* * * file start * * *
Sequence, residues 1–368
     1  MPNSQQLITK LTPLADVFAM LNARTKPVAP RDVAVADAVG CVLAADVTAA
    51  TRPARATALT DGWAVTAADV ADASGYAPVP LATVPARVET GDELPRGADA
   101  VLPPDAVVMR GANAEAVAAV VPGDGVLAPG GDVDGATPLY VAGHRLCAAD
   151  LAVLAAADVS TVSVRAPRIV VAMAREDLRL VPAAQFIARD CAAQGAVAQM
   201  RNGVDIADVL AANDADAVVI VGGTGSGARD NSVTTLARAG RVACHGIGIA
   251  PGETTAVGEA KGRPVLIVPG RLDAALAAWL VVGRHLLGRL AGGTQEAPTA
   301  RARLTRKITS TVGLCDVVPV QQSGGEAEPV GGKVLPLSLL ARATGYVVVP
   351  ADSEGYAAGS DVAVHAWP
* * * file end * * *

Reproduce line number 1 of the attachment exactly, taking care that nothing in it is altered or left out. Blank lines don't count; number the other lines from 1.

Sequence, residues 1–368